The effect of continuous subcutaneous glucose monitoring (CGMS) versus intermittent whole blood finger-stick glucose monitoring (SBGM) on hemoglobin A1c (HBA1c) levels in Type I diabetic patients: A systematic review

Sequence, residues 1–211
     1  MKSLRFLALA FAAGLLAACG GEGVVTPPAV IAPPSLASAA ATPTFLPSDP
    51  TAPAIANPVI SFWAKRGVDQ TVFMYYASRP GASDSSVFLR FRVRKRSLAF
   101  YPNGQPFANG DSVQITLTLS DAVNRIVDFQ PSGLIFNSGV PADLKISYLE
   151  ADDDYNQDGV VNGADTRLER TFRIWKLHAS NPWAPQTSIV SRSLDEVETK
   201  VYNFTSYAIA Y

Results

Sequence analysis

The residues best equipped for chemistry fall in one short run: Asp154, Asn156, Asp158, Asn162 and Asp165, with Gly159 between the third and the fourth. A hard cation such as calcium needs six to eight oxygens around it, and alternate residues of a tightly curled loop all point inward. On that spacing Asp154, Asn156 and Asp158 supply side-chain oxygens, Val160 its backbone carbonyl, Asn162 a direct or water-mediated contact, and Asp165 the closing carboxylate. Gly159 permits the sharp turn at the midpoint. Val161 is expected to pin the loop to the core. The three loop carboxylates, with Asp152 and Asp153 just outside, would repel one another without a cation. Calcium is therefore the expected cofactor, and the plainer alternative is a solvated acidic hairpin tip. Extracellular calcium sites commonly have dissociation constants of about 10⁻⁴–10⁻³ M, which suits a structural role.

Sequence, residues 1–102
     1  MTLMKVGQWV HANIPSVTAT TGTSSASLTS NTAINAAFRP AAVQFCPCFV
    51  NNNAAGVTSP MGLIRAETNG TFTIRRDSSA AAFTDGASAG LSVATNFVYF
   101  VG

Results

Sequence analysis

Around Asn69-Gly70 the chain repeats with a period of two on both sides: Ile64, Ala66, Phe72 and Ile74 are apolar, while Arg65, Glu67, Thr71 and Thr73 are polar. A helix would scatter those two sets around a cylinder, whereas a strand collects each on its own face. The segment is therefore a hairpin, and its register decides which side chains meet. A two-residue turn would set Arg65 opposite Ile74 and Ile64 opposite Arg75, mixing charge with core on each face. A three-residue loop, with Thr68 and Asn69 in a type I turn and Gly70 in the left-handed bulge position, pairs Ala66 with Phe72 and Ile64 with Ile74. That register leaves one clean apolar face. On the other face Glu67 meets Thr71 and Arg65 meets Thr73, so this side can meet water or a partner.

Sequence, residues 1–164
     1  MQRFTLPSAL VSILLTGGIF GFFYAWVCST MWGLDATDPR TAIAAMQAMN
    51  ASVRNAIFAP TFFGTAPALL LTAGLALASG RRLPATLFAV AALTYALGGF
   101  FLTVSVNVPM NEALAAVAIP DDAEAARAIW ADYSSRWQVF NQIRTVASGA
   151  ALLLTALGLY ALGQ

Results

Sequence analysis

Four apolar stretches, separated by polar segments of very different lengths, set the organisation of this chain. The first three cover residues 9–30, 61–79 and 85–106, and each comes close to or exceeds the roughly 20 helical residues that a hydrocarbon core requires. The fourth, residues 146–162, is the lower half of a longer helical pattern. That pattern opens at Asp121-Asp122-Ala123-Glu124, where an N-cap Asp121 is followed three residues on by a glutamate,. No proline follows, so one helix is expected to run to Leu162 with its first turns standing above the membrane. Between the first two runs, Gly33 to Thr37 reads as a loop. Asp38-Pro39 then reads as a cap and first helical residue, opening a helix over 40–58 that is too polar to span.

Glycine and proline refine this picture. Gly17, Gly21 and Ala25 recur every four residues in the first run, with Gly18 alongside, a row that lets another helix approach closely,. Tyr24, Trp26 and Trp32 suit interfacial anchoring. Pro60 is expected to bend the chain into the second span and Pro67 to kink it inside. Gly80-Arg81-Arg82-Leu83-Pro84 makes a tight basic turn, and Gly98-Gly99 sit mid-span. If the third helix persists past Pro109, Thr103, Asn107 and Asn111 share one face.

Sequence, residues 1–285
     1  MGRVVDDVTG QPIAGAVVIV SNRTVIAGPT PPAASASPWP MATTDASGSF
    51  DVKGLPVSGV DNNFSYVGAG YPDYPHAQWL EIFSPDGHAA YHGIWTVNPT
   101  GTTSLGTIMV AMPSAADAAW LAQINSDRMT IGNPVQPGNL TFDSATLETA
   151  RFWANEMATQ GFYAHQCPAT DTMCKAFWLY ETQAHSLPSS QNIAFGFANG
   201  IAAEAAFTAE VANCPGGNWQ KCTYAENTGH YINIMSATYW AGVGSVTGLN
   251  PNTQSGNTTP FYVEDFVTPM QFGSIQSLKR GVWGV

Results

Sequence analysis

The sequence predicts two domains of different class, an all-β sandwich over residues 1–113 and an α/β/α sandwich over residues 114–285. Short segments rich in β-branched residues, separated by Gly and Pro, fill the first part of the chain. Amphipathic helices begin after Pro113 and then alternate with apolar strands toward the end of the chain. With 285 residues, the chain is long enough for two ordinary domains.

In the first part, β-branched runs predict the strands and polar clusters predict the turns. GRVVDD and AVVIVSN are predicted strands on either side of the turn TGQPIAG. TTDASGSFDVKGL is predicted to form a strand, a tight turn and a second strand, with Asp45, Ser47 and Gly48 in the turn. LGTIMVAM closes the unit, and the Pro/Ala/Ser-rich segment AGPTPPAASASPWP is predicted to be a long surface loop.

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BACKGROUND AND PURPOSE: Continuous glucose monitoring (CGMS) is a relatively new technology that measures interstitial glucose every 5 min for 72 h. The resulting profile provides a more comprehensive measure of glycemic excursions than intermittent self-blood finger-stick glucose monitoring (SBGM) and thus could potentially improve diabetes control. We performed a meta-analysis of randomized controlled trials comparing CGMS and SBGM in Type 1 diabetic patients. Our aim was to determine whether CGMS leads to better hemoglobin A1c (HBA1c) levels, a marker of long-term vascular risk. METHODS: Randomized controlled trials comparing CGMS and SBGM in Type 1 diabetic patients were identified using both manual and electronic searches of the literature in MEDLINE, EMBASE, PUBMED and Cochrane Central Registry of Controlled Trials from 1996 to March 2007. Relevant studies were independently selected by two reviewers, who also extracted data on study design, quality and effect on HBA1c levels. Data from all trials were pooled using a random effects model. RESULTS: Seven studies with a total of 335 patients fulfilled the inclusion criteria. Five studies were confined to the pediatric population (age<18 years). Study duration varied from 12 to 24 weeks. Compared with SBGM, CGMS was associated with a non-significant reduction in HBA1c (0.22%; 95% CI: -0.439% to 0.004%, p=0.055). CONCLUSIONS: There is insufficient evidence to support the notion that CGMS provides a superior benefit over SBGM in terms of HBA1c reduction. There was some indication of improved detection of asymptomatic nocturnal hypoglycemia in the CGMS group.
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